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Michele Bachmann: making the “tough choice”

by Bill Prendergast on April 20, 2012

Why does Michele Bachmann, a “Queen of the Tea Party,” endorse religious right figure Allen Quist over “Mr. Conservative” tea party figure Mike Parry?

Here’s the Quist campaign’s announcement:

Bachmann Endorses Quist for MN First District Congress

Michele Bachmann, Congresswoman from Minnesota’s Sixth District and former candidate for President, has endorsed Allen Quist for the First District Congressional seat now held by Tim Walz.

Pointing to her working relationship with Allen Quist when both were working closely with EdWatch, the grassroots organization which successfully organized to repeal Minnesota’s Profile of Learning, Bachmann said, “The reason our organization did so much good was largely because of Allen’s intellectual firepower and courage. Many thousands of Minnesota students owe a huge debt of gratitude to Allen for his highly successful work with EdWatch.”

Now I think (and a lot of people think) that Edwatch was started by a bunch of paranoid conspiracy mongers with little tin foil hats on their heads–with propellers on ’em! Edwatch directed applause and adoration at Michele Bachmann for telling them that their paranoid fears were right. That support was a central factor in beginning her state and national political career, beating out more mainstream candidates by co-opting the nuts.

Conspiracy theory is presented as a plus, in this Quist announcement. The Edwatch-type-of-brain, trumpeted here, represents volunteers and voters who really believe in international and domestic conspiracies and act on that belief in the political arena.

And they have influenced education policy and law in Minnesota. I’m not kidding: these tin foil hats organizers have lobbied and affected and changed education law in Minnesota. It’s one of Bachmann’s early claims to fame. It doesn’t matter that you or I or the media or the academics consider their political assumptions nuts–they were politically effective within their chosen sphere.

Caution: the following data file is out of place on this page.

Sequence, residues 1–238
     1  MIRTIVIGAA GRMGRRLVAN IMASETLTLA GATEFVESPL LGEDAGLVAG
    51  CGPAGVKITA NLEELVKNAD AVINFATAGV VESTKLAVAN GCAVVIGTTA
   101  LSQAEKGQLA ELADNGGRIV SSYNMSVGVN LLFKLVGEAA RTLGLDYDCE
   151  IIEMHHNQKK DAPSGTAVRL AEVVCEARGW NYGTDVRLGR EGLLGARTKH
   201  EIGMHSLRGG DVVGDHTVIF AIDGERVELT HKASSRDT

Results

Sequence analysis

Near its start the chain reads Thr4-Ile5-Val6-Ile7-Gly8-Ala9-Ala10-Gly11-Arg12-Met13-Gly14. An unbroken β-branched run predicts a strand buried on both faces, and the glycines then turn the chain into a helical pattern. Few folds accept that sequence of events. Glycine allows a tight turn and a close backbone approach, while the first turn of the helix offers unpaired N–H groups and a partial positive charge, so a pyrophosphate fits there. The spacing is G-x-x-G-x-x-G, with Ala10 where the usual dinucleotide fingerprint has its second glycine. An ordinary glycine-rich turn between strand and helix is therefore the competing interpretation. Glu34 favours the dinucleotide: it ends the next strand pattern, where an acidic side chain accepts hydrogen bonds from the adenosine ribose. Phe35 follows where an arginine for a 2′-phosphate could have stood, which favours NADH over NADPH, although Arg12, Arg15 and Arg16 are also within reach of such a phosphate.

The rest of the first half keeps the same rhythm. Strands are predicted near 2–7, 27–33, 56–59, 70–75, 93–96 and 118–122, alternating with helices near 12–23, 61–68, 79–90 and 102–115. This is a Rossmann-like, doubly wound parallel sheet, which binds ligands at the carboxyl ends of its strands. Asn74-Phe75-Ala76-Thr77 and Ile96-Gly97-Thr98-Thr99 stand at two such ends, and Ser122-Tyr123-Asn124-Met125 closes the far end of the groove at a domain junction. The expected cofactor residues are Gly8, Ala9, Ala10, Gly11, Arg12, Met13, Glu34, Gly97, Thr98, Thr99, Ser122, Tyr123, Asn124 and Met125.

The choice between Parry and Quist is a win-win dilemma for Bachmann; both of the candidates are loathsome right wingers. But Quist carries more cred with the conspiracy theory activists and conservative evangelicals. So here’s a theory about why she’d choose the loathsome Quist over the loathsome Parry:

Somebody higher up in the evangelical right told her to endorse Quist over Parry. I don’t think she makes these decisions herself. I think she’s the puppet of a nationally organized evangelical right; her public persona is one of their most popular “brands.” The brand-owners may reason as follows:

If they direct the “big-brand” Bachmann to back Parry, he gets the tea party votes for sure, and the conservative evangelicals will go along. But if she backs Quist, Quist gets the tea party votes, the Bachmann fan religious right votes–and the Edwatch-type-of-brain votes and volunteers and tin foil hat network.

So Quist has raised slightly more money than Parry (see article below.) He a kind of godfather to the evangelical conservative movement in Minnesota, acting as a powerful spoiler for the GOP. He was eclipsed as the political face of the religious right in MN by Bachmann–but he’s a perennial evangelical candidate, and that crowd,s enthusiasms are kept well-stoked and well-organized.

Bachmann has been “branded” as both “tea party” and “conservative evangelical.” Quist has been “branded” evangelical, but since the rise of the tea party movement he’s been trying to pull a Bachmann and rebrand himself as “both tea party and evangelical.”

Parry’s a slightly different story. His votes are entirely acceptable to the religious right. (I checked his voting scorecard with that lobby.)  But Parry’s chosen to publicly brand himself as “tea party” rather than “evangelical conservative.” And as the tea party (including Bachmann) continues to cave to Romney enthusiasm for that “brand” this year is a little dimmer.

So that is a theory about why Bachmann’s masters may have directed her to choose the “old face” Quist over the “new face” Parry.

The significant fact that both candidates are right wingers from Bachmann’s extremist end of the spectrum gets lost in such a discussion. That’s a huge change in Republican politics in Minnesota since I moved here eleven years ago. No room for a GOP moderate or centrist to challenge Tim Walz anymore: these days it’s all nuthouse over at the GOP, all the time.  

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